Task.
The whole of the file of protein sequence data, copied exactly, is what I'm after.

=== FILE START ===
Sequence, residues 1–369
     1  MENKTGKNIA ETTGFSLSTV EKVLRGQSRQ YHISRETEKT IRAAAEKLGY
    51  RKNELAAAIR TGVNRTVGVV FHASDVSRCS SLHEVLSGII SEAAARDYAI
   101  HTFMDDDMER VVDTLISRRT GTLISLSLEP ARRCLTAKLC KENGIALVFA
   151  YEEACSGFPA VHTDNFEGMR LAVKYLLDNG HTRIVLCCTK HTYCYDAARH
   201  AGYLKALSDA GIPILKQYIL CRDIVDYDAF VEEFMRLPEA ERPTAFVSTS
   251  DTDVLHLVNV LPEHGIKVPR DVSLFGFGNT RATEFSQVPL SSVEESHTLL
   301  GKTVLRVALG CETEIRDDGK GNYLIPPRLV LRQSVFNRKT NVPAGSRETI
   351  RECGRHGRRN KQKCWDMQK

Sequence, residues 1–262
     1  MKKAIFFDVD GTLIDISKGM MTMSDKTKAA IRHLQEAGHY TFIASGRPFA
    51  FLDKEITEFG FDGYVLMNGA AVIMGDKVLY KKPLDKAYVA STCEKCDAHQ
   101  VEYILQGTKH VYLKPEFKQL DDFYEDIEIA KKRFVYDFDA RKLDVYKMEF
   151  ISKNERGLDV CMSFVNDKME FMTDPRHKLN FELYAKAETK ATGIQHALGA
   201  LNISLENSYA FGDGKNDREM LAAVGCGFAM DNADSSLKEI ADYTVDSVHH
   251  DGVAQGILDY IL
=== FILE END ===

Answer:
Sequence, residues 1–369
     1  MENKTGKNIA ETTGFSLSTV EKVLRGQSRQ YHISRETEKT IRAAAEKLGY
    51  RKNELAAAIR TGVNRTVGVV FHASDVSRCS SLHEVLSGII SEAAARDYAI
   101  HTFMDDDMER VVDTLISRRT GTLISLSLEP ARRCLTAKLC KENGIALVFA
   151  YEEACSGFPA VHTDNFEGMR LAVKYLLDNG HTRIVLCCTK HTYCYDAARH
   201  AGYLKALSDA GIPILKQYIL CRDIVDYDAF VEEFMRLPEA ERPTAFVSTS
   251  DTDVLHLVNV LPEHGIKVPR DVSLFGFGNT RATEFSQVPL SSVEESHTLL
   301  GKTVLRVALG CETEIRDDGK GNYLIPPRLV LRQSVFNRKT NVPAGSRETI
   351  RECGRHGRRN KQKCWDMQK

Sequence, residues 1–262
     1  MKKAIFFDVD GTLIDISKGM MTMSDKTKAA IRHLQEAGHY TFIASGRPFA
    51  FLDKEITEFG FDGYVLMNGA AVIMGDKVLY KKPLDKAYVA STCEKCDAHQ
   101  VEYILQGTKH VYLKPEFKQL DDFYEDIEIA KKRFVYDFDA RKLDVYKMEF
   151  ISKNERGLDV CMSFVNDKME FMTDPRHKLN FELYAKAETK ATGIQHALGA
   201  LNISLENSYA FGDGKNDREM LAAVGCGFAM DNADSSLKEI ADYTVDSVHH
   251  DGVAQGILDY IL